On Friday, October 25, the Hamilton Lugar School will host After the Miracle: The Present and Future of Korea’s Economy and Society, an international conference that will bring together over a dozen experts from a variety of backgrounds to discuss the impact that South Korea’s rapid economic development has had on that nation’s society and people. The conference will take place from 1pm to 5:45pm in the Global and International Studies Building’s Shreve Auditorium.
In 1960, in the aftermath of the Korean War, the per capita GDP of South Korea was US$79, one of the world’s lowest. Now South Korea’s economy is the fourth largest in Asia and the eleventh largest of any country. Some have called this transformation the “Miracle on the Han River,” due to the unlikeliness and unprecedented nature of such development.
This rapid change has been attended by an embrace of neoliberal values like intense competition and individual freedom, but significant issues have arisen, including income inequality, high levels of youth unemployment, and one of the lowest fertility rates in the world, due in part to the cost of raising children.
The conference brings together economists, sociologists, a political scientist, an expert on environmental policy, and a senior staff member of the Korea Economic Institute, who will give TED Talk-style presentations, take part in question-and-answer sessions, and participate in a policy roundtable moderated by Hamilton Lugar School Dean Lee Feinstein. Topics will include what macroeconomic trends predict about the country’s future, the state of labor, Korean business groups, the Korean middle class, and workplace inequality in family owned conglomerates known as chaebols.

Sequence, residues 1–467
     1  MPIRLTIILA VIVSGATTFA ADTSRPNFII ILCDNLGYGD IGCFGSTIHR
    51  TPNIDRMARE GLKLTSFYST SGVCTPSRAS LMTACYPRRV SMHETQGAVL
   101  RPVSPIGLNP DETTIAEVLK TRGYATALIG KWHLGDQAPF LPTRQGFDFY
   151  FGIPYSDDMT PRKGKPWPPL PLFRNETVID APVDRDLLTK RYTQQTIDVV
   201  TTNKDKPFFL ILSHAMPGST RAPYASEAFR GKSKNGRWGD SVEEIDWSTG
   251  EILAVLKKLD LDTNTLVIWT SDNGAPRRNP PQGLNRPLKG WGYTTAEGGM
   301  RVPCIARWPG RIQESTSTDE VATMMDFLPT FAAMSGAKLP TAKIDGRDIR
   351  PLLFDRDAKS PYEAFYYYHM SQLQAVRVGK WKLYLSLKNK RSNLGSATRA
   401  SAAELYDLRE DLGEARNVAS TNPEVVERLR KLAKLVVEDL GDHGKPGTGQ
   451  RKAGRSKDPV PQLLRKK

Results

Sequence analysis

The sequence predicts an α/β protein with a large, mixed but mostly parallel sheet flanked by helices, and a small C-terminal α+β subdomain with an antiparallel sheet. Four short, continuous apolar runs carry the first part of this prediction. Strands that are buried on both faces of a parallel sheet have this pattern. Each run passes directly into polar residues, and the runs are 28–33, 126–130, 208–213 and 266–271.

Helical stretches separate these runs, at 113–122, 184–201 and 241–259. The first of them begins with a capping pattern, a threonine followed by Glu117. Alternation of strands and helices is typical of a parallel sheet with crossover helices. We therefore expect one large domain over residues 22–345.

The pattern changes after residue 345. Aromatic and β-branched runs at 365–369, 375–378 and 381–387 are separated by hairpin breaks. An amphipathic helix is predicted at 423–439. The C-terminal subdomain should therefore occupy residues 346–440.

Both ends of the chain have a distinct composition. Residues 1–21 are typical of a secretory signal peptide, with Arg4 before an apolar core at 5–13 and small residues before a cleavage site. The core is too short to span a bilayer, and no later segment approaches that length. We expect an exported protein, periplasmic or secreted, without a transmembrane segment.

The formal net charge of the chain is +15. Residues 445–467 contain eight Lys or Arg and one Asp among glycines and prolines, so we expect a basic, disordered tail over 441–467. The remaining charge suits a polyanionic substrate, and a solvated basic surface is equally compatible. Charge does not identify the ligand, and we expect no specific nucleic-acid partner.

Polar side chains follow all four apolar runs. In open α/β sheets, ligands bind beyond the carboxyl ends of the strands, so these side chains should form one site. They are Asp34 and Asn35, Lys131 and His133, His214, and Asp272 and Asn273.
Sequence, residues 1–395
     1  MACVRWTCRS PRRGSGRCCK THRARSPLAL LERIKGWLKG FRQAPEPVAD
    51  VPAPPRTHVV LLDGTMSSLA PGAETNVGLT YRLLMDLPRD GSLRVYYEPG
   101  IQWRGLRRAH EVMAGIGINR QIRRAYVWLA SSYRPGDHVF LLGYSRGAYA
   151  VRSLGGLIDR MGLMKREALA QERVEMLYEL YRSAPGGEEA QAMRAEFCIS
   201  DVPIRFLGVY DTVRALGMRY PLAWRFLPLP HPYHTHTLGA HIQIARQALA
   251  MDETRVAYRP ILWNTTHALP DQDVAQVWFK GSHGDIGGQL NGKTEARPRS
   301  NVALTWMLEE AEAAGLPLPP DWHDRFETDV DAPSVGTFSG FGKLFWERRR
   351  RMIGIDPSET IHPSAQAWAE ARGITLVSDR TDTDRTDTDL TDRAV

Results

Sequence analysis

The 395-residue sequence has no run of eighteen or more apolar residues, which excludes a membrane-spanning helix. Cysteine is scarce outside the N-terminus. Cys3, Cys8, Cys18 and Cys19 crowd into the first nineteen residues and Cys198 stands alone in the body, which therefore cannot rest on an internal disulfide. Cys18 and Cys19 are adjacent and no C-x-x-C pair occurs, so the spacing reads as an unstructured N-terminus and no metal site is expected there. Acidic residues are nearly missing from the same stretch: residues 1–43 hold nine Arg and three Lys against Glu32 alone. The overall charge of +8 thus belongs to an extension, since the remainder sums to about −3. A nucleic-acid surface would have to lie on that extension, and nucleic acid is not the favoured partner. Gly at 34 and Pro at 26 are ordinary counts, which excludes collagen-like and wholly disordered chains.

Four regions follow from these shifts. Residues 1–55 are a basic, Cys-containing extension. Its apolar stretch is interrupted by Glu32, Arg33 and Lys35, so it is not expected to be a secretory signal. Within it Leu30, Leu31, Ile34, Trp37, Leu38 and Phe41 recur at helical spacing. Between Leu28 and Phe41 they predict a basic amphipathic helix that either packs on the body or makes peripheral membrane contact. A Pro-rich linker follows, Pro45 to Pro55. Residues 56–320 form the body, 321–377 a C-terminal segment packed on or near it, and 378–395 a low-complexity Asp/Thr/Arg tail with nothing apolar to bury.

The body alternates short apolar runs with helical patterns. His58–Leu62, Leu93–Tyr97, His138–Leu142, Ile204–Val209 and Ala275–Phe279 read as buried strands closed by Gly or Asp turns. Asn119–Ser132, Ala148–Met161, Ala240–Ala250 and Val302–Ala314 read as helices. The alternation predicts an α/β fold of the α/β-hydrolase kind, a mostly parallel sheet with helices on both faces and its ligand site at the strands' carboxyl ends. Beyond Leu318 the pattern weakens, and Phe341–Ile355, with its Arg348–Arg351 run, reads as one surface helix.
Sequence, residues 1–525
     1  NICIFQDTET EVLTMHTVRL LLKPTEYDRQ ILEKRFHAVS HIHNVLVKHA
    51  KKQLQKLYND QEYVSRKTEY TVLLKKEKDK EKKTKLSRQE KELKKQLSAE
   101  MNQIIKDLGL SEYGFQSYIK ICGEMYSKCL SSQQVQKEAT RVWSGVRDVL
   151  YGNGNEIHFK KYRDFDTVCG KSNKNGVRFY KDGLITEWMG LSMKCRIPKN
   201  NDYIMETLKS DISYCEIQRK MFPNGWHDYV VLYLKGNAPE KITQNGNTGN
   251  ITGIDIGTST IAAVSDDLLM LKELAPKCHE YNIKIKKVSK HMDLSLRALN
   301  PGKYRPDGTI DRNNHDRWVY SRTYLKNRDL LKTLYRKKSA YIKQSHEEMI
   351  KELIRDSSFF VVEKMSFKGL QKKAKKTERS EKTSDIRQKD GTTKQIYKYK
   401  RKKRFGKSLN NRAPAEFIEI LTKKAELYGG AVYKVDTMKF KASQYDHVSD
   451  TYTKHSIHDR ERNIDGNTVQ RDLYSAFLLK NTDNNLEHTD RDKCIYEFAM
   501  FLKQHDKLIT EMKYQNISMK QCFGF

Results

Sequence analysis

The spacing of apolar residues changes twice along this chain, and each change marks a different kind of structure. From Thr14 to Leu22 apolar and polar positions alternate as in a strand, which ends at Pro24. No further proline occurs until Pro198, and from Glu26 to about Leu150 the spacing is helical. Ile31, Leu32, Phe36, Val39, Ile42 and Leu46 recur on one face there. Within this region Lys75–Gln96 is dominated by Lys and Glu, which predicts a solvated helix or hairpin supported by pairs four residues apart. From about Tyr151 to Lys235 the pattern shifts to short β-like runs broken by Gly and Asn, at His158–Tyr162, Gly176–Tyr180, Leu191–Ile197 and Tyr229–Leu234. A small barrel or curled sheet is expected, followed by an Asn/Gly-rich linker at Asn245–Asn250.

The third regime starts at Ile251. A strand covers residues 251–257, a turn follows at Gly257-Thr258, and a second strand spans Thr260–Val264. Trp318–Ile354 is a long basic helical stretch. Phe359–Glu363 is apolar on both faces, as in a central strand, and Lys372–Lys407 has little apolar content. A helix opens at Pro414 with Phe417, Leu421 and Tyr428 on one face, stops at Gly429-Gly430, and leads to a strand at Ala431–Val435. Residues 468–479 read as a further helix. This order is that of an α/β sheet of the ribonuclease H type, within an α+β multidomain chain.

Taken together, these presentations will connect academic work to the policy world as attendees hear from authorities with different areas of interest and expertise. The conference’s keynote address, “Economic Growth and Demand for Equity: The Case of Korea,” will be given by Daeil Kim of Seoul National University. Apart from presentations, the conference will also include a musical performance.
This marks the fourth annual international conference organized by the Institute for Korean Studies, with previous years covering topics including the Peace Corps, the relationship between China and Korea, and democracy and democratization in Korea.
The Institute for Korean Studies, established in 2015, provides programming and opportunities for engagement all year round, including not just a conference but also an essay contest, a research exchange program with George Washington University, and a Korean speech contest.